What’s Next For Portland After CCL Exit?

Frustration about whether Porter took CCL seriously erupt after Tuesday’s loss
by Ray Marcham   |   Thursday, October 23, 2014

Green Logs - a column on the Portland Timbers & the Portland soccer scene

Maybe the most frustrating match in a very frustrating season for supporters of the Portland Timbers happened on a steamy October night in Honduras.

The 3-1 loss to Olimpia in Tegucigalpa on Tuesday night knocked the Timbers out of the CONCACAF Champions League (thanks to CONCACAF’s head-to-head away goals rule), and set off a torrent of criticism on numerous fronts. The main complaint was about priorities, and whether Caleb Porter and others in the organization took the CCL seriously enough.

For many Timbers fans, Tuesday night was the most important match remaining in the season, not Saturday’s MLS regular season finale at FC Dallas. A win, draw or even a close loss would put Portland into the CCL quarterfinals in the spring, and could give the team something to build for during the offseason.

The FC Dallas match? Since the Timbers couldn’t control their own playoff destiny (the road loss at Toronto and last week’s home draw with Real Salt Lake ensured that), the prevailing opinion seemed to be that only a miracle could push Portland into the playoffs. Besides, Dallas also has much to play for, as a win would clinch third in the Western Conference and keep them out of next week’s play-in game.

But the starting lineup that Porter put out on Tuesday raised eyebrows. If this was an important match, why was the third-string goalkeeper (Jake Gleeson) starting instead of Donovan Ricketts? Why was Diego Valeri on the bench? When was the last time Danny O’Rourke started?

The start didn’t make things any better. Olimpia was ahead 2-0 after five minutes, and the Timbers were never really competitive after that. The one brief moment of hope after Ben Zemanski’s deflected goal in the 52nd minute was quickly squashed when Olimpia restored their 2-goal lead just two minutes later, and finished out the match 3-1 winners.

But the real fireworks came after the match, especially on Twitter. All the frustration, all of the anger that had built up during this season came out, and no one connected with the team, or those who cover it daily (and who weren’t even in Honduras), were immune. Being dumped out of the CCL was seen by many as a massive opportunity lost, and proof that the Timbers hadn’t taken the CCL seriously enough.

No one was happy. The Twitter spat between Merritt Paulson and whomever was running the Timbers Army account ended up making some national sports websites. To say that the aftermath was uglier than the game itself might be accurate. The official team Twitter account wasn’t even updated once the match ended until deep into Wednesday, something many noticed.

Was the CCL a priority? Paulson insisted in a tweet on Wednesday that it was, but Porter admitted after the match on Tuesday that he rested seven regulars specifically to have them ready for Saturday’s match at Dallas.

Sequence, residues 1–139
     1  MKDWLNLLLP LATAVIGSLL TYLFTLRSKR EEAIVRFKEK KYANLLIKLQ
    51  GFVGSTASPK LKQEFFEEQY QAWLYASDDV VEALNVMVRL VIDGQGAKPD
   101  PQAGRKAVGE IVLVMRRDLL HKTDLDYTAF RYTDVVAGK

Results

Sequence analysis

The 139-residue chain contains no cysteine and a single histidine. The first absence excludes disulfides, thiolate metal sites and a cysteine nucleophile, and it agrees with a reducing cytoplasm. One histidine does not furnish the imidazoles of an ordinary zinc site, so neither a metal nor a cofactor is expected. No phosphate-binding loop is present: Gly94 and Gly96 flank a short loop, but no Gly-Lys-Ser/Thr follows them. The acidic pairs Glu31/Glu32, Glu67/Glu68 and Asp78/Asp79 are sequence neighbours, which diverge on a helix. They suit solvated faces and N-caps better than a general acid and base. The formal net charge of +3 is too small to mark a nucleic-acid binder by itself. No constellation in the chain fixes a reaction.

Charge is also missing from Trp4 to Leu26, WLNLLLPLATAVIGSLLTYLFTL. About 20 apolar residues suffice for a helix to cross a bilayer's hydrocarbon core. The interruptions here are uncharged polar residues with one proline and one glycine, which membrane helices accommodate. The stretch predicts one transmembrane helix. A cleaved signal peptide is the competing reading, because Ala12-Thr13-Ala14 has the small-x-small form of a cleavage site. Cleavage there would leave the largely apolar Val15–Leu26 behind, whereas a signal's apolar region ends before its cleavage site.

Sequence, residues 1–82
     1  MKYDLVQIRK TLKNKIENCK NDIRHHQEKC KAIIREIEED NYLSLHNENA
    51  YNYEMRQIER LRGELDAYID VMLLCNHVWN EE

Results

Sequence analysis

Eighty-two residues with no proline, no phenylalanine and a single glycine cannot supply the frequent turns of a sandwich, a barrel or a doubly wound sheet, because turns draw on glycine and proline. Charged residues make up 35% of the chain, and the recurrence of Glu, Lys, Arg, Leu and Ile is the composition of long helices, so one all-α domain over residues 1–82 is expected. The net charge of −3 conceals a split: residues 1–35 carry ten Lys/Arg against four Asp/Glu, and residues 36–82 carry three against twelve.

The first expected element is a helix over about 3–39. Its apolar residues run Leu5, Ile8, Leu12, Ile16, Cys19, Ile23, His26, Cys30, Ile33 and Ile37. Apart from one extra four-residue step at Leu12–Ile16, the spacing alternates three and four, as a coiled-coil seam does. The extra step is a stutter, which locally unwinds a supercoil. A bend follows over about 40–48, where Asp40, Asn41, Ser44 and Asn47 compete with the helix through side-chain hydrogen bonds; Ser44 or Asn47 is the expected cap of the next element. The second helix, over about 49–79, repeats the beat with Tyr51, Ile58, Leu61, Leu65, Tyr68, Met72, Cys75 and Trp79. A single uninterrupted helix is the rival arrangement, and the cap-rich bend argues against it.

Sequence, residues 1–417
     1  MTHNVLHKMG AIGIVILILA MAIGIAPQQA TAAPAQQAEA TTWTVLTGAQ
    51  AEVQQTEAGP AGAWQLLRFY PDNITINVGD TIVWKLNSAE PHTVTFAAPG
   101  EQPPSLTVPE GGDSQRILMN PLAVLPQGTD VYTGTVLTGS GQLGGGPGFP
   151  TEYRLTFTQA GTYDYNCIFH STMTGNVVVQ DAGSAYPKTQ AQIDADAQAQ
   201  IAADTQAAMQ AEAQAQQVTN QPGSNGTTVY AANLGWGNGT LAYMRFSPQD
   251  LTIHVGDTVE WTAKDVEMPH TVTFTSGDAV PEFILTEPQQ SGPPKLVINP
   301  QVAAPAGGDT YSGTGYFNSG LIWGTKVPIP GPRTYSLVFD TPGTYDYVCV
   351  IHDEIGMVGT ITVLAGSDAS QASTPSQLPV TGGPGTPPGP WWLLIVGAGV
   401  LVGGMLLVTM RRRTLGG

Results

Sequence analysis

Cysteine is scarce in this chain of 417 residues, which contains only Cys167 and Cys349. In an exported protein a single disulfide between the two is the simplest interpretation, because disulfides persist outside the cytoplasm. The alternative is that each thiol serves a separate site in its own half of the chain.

So, what’s at stake on Saturday? Even if the Timbers win, they have to hope that Vancouver doesn’t lose at home to a Colorado squad that is on a 13-match winless streak and last won on July 25. If Portland draws, then the Whitecaps have to lose for the Timbers to get in. Of course, the last home loss for Vancouver was on August 30, when Portland beat the Whitecaps 3-0.

The Whitecaps will also know what they need to do before the match with the Rapids is finished. The Dallas-Portland match starts 90 minutes before the Vancouver-Colorado match, meaning the Whitecaps will know sometime in the first half whether they are in the playoffs (if Portland loses), if they need just a point (if Portland draws) or if they need all three points (if Portland wins).

And that’s where the question of priorities comes up. Portland controlled their own destiny in the CCL, but needs to beat an FC Dallas squad looking for a better playoff position and get help from a team that hasn’t won in three months to qualify for the playoffs. Even if they make the playoffs, Portland would either play in Dallas again or travel to RSL, where success has been very limited, for the 4/5 game.

Did Porter sacrifice the CCL for a vague shot at the MLS playoffs? In his post-match comments on Tuesday, he said that he felt the lineup he put out against Olimpia could   get a result. But by admitting he rested seven so they could be fresh for the Dallas match, it left the impression that he may have.

Maybe it’s a good thing that the 2014 home schedule for the Timbers is done. If there was a home match this weekend, the reception for Porter may have been neutral at best and hostile at worst. He hasn’t lost the majority of supporters yet, but the grumblings are very loud about what has, and hasn’t, happened in 2014.

The grumblings were never louder than on Tuesday night. Being knocked out of the CCL was the final straw, as it triggered the release of the frustrations that had been simmering all season. Whether it was aimed at Paulson, Porter, Gavin Wilkinson (always a target) or the team, what has happened this season is seen as a major step back from 2013, when it seemed that Portland was on the verge of something big. The priorities of the club, especially this week, are now being questioned.

And that won’t change for a while, no matter what happens against Dallas.

NEXT UP: October 25 – Portland Timbers vs. FC Dallas, Toyota Stadium, Frisco, Tex. 8:30 p.m. EST, ROOT Sports NW.


Washington State
Club Domestic:
Portland Timbers
Club Foreign:
Cascadia native and a fan for as long as he can remember, Ray was brought up on the old NASL. Learned to love MLS. Wanted to play like Clive Charles. Then like Tony Adams. Only dreams, of course.